Ridding Pubic Crabs With Grooming

Modern hygiene practices may be leading to reduction of pubic lice

Pubic lice (Pthirus pubis), also called crab lice or crabs, are a parasitic infection of humans that is generally transmitted through sexual contact but may also be passed along by exposure to contaminated clothing, linens, or towels that have been used by an infected person. They do not actually transmit disease but create an itch sensation that may lead to a secondary bacterial infection through the breaks in the skin that were created by scratching. 

Pubic lice are similar to head lice, but the pubic variety is much shorter in length. The life cycles of the two species are the same, and they both require human blood to survive. They will usually die within two days if they are unable to feed. Female lice will lay around 30 eggs during their lifespan, which lasts for around one month. When the eggs hatch after one week, they become nymphs, which then molt three different times before reaching adulthood. The eggs are attached to the shaft of hair for the week that they incubate.


Grooming and Shaving Reduces Risk for Pubic Lice

Men and women have begun to shave the hair from more of their body parts, and over the last several decades, fashion and hygiene have led more and more people to reduce or even completely remove their pubic hair. One study found that 74% of men and women groomed, with 66% of men and 84% of women grooming their pubic hair.[1] The study defined extreme grooming as removal of all pubic hair more than eleven times per year and high-frequency grooming as trimming daily or weekly. They suggest that, as a result, pubic lice are more common in those who are low-frequency groomers (those who trimmed their pubic hair less than every week).[1]

Similar to any species who does not have access to vital resources, pubic lice are unable to procreate when they have no hair on which they need to attach their eggs. It has been suggested that the removal of pubic hair in certain areas has led to dramatically reduced rates of infection.[2] A research study demonstrated that there is a significant and strong correlation between high rates of pubic hair removal and reduced incidence of pubic lice infections, and they believe that the increased frequency of pubic hair removal may lead to the complete eradication of pubic lice infestation.[3]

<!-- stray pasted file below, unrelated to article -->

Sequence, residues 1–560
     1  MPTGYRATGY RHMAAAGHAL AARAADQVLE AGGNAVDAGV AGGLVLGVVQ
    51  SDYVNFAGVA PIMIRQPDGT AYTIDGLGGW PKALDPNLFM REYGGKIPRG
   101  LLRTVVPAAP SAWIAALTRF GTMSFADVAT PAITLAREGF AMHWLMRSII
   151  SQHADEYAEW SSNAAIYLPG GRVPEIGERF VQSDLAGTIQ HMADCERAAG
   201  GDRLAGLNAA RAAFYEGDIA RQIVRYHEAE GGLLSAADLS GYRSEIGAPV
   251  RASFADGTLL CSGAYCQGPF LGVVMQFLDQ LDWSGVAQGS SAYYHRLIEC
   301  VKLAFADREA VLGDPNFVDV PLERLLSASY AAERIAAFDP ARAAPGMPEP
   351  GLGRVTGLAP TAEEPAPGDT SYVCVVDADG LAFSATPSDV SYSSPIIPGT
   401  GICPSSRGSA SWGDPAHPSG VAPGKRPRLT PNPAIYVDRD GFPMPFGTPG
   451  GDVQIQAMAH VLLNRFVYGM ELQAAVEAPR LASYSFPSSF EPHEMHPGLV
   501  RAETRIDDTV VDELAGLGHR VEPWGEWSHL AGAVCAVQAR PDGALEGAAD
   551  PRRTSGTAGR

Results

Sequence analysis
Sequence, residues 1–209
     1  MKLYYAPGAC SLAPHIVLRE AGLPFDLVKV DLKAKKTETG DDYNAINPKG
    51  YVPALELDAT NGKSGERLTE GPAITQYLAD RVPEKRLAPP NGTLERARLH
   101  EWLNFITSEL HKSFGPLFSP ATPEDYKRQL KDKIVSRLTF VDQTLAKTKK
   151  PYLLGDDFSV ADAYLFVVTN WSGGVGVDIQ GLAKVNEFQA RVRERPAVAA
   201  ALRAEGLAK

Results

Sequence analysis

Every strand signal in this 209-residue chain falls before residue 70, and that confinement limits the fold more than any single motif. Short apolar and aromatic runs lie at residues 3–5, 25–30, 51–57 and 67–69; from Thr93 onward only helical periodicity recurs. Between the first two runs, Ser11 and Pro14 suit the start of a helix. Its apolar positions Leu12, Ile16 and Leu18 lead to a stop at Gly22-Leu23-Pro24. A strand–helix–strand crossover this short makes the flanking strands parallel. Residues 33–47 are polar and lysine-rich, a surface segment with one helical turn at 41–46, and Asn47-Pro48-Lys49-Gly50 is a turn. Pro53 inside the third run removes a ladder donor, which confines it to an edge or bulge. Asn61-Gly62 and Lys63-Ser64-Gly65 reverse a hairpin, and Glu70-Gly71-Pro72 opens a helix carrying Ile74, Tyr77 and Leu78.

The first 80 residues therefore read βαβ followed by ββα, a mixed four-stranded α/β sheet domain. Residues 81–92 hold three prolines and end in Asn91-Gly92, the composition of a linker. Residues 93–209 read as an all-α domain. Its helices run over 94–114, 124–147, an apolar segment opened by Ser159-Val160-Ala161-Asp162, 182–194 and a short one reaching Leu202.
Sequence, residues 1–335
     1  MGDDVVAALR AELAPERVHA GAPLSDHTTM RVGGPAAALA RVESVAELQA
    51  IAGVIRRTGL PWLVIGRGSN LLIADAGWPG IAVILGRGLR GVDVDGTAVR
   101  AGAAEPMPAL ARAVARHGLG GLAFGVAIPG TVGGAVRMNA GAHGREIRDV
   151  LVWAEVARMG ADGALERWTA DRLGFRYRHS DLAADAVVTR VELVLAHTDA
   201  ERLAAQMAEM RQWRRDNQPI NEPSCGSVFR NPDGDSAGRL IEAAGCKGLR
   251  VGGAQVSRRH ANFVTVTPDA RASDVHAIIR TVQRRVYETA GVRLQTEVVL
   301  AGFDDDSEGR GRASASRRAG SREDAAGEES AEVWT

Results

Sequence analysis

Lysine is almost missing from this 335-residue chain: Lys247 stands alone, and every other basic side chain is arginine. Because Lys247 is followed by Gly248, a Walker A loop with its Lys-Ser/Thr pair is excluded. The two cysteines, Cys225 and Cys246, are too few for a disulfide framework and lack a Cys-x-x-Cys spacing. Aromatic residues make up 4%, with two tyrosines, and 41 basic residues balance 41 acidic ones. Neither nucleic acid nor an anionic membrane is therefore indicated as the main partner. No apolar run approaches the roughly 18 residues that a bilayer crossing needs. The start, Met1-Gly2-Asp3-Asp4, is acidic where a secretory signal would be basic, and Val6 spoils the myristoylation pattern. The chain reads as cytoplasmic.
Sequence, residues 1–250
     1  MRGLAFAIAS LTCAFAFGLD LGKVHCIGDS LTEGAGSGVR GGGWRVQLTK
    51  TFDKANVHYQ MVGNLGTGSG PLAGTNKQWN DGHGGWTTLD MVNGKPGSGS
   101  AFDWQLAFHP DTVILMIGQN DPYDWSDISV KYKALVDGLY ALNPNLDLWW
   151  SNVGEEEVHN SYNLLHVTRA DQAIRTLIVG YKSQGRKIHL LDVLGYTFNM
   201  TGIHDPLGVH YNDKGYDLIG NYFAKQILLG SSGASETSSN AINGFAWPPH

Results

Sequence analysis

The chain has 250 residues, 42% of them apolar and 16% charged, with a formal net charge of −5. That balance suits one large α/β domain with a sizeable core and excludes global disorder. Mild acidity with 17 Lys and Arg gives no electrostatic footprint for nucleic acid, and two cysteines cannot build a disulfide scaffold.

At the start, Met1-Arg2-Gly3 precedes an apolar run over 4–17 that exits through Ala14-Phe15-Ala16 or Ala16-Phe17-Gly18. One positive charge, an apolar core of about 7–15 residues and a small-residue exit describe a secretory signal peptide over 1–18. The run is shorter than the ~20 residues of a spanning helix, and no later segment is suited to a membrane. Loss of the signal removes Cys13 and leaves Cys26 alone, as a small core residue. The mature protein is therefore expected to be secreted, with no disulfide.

Treatment of Pubic Lice

The typical treatment for pubic lice is an over the counter topical lotion or mousse containing permethrin or pyrethrin/piperonyl butoxide. They are generally considered safe but are best avoided by patients who have known skin sensitivity. There have been reports of resistance to some of these topical treatments,[4] so hair removal may even act as a simple and cheap form of treatment that has almost no side effects. 


Condoms Do Not Protect Against Public Lice

Although condoms can help prevent the transmission of most forms of sexually transmitted infections, pubic lice cannot be prevented with condoms. Because this is a contagious infection, it is important that it is treated appropriately. If possible, all exposed partners must be found and properly treated so the infection does not potentially spread through a community.  

* This Website is for general skin beauty, wellness, and health information only. This Website is not to be used as a substitute for medical advice, diagnosis or treatment of any health condition or problem. The information provided on this Website should never be used to disregard, delay, or refuse treatment or advice from a physician or a qualified health provider.


  1. Osterberg EC, Gaither TW, Awad MA, et al. Correlation between pubic hair grooming and STIs: results from a nationally representative probability sample. Sex Transm Infect.2016PMID: 27920223 Link to research.
  2. Armstrong NR, Wilson JD. Did the "Brazilian" kill the pubic louse? Sex Transm Infect.2006;82(3):265-266; PMID: 16731684 Link to research.
  3. Dholakia S, Buckler J, Jeans JP, et al. Pubic lice: an endangered species? Sex Transm Dis.2014;41(6):388-391; PMID: 24825336 Link to research.
  4. Speare R, Koehler JM. A case of pubic lice resistant to pyrethrins. Aust Fam Physician.2001;30(6):572-574; PMID: 11458586 Link to research.